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I Would Rather Have Chocolates

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One of the promises that I made to myself after my 12-year marriage ended in divorce was that I would not say no to new adventures, even if they were outside my comfort zone. When I was offered an invitation to an exclusive event at a mansion in Malibu, I decided to attend even though I would not know a soul there and it meant an hour drive each way at night alone.

It was quite an opulent party in a Gatsby-esque mansion. The back of the house featured large glass doors, opening onto a large expanse of manicured lawn overhanging the lit beach and the Pacific Ocean. I was wearing my best designer outfit -- a sequined trench coat with thigh high black boots -- and I felt confident and sexy. I walked across the grass sipping my glass of champagne and savoring the view.

Suddenly, a handsome man appeared at my side. We engaged in flirty conversation, and he was charming and delightful company. We spent the rest of the party together and exchanged cards as I left for the long drive home.

The next morning, I received an email from him, thanking me for making the party so special for him and inviting me to dinner in a few nights.

We met at the restaurant bar. He was even more attractive than I had remembered, and I felt instant chemistry. We moved from the bar to a booth, and he began to nuzzle my neck. It was wonderful and new and exciting.

In between glasses of merlot, I asked him how long he had been divorced. He responded that he was happily married with twin teenage daughters.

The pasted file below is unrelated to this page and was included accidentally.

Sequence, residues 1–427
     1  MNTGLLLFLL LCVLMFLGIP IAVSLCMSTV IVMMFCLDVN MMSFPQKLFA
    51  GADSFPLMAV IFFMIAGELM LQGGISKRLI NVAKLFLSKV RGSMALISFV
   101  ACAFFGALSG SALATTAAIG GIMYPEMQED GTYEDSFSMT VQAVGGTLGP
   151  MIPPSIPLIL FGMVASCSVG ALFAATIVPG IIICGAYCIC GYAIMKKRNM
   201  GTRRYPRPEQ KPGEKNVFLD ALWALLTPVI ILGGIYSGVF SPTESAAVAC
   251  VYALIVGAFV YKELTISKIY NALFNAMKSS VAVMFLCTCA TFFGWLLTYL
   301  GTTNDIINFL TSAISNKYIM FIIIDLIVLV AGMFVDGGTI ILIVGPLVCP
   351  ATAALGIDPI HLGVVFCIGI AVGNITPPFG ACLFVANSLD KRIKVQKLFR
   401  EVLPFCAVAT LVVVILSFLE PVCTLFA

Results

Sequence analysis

I almost threw up. I excused myself and went to the ladies room to catch my breath and place a 911 call to my best friend. She calmed me down and told me to return to the booth, tell him that I did not date married men, and leave. Fortunately, I had obeyed Safe Dating Rule #1 and had driven my own car to the restaurant.

As I pulled out of the valet, he ran in front of my car and threw a wrapped gift into the passenger seat. I certainly did not want anything from this man, but it was too late to return it to him, and I drove home.

I must admit, I was intrigued. The box itself was heavy black cardboard tied with a wide matte black ribbon. Nestled in black tissue paper was an object that I did not recognize. It was long and belt-like. The center section was made of woven leather cords, about 4 inches wide and 8 inches long. Attached on either side were long black satin ribbons. Whatever it was, it was beautifully made, and I first tried it on as a headband. That did not work. Then I tried to wrap it around my wrist as a bracelet, but that did not work either. It was not a whip, and it was not inexpensive.

I googled the name of the boutique and the address. I did not want this mystery momento of a date gone bad, and I decided to return it to its home and discover what it was. The next day, I drove to the address in West Hollywood. I expected to find a small gift store. What I found instead was an elegant boutique with an outside fireplace and sofas. The entrance walls were glass, with concrete floors, raw brick walls and beautiful display cases.

I approached a fashionable young sales associate and told her that I wanted to return the gift, but first needed to know what it was. She responded that it was a gag.

I broke into gales of laughter. A gag was not even on my radar as a possible use for this beautiful leather ribbon accessory. I had no idea that such high-end S&M items existed. When I asked the price, I was told $675. Again, I was flabbergasted. I ended up buying a silk negligee with my credit, money that I would never have spent otherwise.

That afternoon. I received an email from the man, asking if I liked the gift and explaining that he thought we could enjoy using it together, but that I must wear the thigh high boots that I wore to the Malibu event. I told him to lose my info, and that he was fortunate that I was not the kind of woman to call his wife.